This was apparent at the special Liberal Assembly towards the end of the Pact. The September 1977 Assembly, faced with the impending renegotiation, agreed to leave it to the party president, Gruff Evans, the party Chair, Geoff Tordoff, an d the Assembly chair, myself to call a Special Assembly as and when needed. (We inevitably became known as the Three Wise Men and I recall receiving a 'phone call midway through December when the familiar nasal tones of Clement Freud asked, "Can I speak to a wise man before Christmas?"). We called this Assembly for 21 January 1978 and carefully worded the motions for debate to enable the "for" and "against" cases to be fully presented and debated. The pro-motion was carried by more than a two-thirds majority, which was an excellent example of the judgement and maturity of the party when faced with a potentially disastrous open revolt against the party leader. At the time I regarded it as demonstrating why the leader should leave party management to the party officers and should be co-operative and be advised by them. This lesson was not learnt as was shown by the debacle of the 1986 Eastbourne defence debate, the Alliance struggles and the 1987 merger negotiations, all of which were avoidable.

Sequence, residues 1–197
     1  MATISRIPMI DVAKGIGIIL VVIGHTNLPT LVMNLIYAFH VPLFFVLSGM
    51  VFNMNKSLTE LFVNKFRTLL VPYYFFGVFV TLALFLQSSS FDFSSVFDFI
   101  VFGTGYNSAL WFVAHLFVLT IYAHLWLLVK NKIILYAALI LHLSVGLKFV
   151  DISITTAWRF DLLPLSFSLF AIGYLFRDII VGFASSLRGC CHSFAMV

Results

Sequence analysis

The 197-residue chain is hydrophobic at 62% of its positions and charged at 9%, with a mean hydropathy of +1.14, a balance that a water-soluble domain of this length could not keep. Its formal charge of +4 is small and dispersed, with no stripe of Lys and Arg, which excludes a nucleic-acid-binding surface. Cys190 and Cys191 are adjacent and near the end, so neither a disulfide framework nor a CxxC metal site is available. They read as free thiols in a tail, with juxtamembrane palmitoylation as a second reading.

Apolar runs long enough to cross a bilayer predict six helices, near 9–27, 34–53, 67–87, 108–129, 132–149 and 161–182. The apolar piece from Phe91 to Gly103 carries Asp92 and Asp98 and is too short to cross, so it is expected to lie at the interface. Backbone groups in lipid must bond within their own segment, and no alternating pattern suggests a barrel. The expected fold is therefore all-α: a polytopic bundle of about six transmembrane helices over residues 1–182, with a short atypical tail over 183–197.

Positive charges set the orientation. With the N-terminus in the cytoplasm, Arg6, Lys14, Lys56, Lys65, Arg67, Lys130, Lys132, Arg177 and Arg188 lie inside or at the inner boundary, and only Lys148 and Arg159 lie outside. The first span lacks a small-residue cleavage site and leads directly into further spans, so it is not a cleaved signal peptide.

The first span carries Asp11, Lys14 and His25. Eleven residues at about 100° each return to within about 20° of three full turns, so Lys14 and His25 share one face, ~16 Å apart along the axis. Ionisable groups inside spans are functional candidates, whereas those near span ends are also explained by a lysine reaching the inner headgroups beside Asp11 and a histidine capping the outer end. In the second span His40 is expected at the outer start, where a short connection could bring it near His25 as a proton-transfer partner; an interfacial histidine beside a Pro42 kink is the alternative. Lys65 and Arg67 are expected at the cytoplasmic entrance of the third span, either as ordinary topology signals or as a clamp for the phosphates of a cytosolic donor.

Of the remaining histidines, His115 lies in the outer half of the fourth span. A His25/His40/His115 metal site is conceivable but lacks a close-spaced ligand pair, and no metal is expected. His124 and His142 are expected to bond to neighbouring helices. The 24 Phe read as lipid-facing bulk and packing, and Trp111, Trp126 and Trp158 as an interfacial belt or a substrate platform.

Jonathan Kirkup is excellent in analysing the Special Assembly and, particularly, in emphasising the positive role played by Chris Mayhew which was not recognised at the time. Kirkup is right to conclude that, although there were many good things for politics to emanate from the Pact, "Steel's strategy was ultimately flawed," but he is, however, I think, wrong in his contention that the Pact had no effect on future inter-party relations. It established good relations between a number of Liberal and Labour politicians and created Labour respect for a good number of their Liberal counterparts. It may indeed well have been in mind when, virtually alone of the party's senior figures, David Steel's support for the coalition in 2010 was couched in the shrewdest possible terms: "The coalition is a business arrangement born of necessity to clear up the country's dire financial debt. It should never be portrayed as anything else." Had that judgement been heeded we might have avoided the Rose Garden love-in and the back slapping of Osborne's budget performance and maintained a more winsome appeal to the electorate.
The Lib-Lab Pact - A Parliamentary Agreement, 1977-78 by Jonathan Kirkup, pub. Palgrave Macmillan 2015 ISBN 978-1-137-52768-4.